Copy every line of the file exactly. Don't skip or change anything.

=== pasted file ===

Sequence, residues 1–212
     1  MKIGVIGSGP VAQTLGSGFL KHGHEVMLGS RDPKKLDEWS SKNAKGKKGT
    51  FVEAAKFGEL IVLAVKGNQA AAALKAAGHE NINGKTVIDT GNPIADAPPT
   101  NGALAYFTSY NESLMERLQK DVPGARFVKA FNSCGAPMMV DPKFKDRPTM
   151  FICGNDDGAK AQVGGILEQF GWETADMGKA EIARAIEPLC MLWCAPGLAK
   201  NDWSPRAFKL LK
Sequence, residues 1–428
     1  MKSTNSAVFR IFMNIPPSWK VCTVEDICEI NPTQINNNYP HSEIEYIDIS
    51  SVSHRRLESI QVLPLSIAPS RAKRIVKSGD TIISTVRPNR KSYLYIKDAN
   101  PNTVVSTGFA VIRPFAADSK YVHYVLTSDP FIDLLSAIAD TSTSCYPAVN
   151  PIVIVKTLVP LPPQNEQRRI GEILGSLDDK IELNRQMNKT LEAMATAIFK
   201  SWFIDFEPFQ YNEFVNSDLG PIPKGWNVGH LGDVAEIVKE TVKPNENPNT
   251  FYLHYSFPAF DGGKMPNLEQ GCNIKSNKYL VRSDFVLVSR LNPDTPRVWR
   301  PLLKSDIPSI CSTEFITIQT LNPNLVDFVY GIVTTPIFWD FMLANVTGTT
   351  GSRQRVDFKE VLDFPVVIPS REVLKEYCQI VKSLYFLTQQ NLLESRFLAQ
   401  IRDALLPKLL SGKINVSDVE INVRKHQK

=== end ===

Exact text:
Sequence, residues 1–212
     1  MKIGVIGSGP VAQTLGSGFL KHGHEVMLGS RDPKKLDEWS SKNAKGKKGT
    51  FVEAAKFGEL IVLAVKGNQA AAALKAAGHE NINGKTVIDT GNPIADAPPT
   101  NGALAYFTSY NESLMERLQK DVPGARFVKA FNSCGAPMMV DPKFKDRPTM
   151  FICGNDDGAK AQVGGILEQF GWETADMGKA EIARAIEPLC MLWCAPGLAK
   201  NDWSPRAFKL LK
Sequence, residues 1–428
     1  MKSTNSAVFR IFMNIPPSWK VCTVEDICEI NPTQINNNYP HSEIEYIDIS
    51  SVSHRRLESI QVLPLSIAPS RAKRIVKSGD TIISTVRPNR KSYLYIKDAN
   101  PNTVVSTGFA VIRPFAADSK YVHYVLTSDP FIDLLSAIAD TSTSCYPAVN
   151  PIVIVKTLVP LPPQNEQRRI GEILGSLDDK IELNRQMNKT LEAMATAIFK
   201  SWFIDFEPFQ YNEFVNSDLG PIPKGWNVGH LGDVAEIVKE TVKPNENPNT
   251  FYLHYSFPAF DGGKMPNLEQ GCNIKSNKYL VRSDFVLVSR LNPDTPRVWR
   301  PLLKSDIPSI CSTEFITIQT LNPNLVDFVY GIVTTPIFWD FMLANVTGTT
   351  GSRQRVDFKE VLDFPVVIPS REVLKEYCQI VKSLYFLTQQ NLLESRFLAQ
   401  IRDALLPKLL SGKINVSDVE INVRKHQK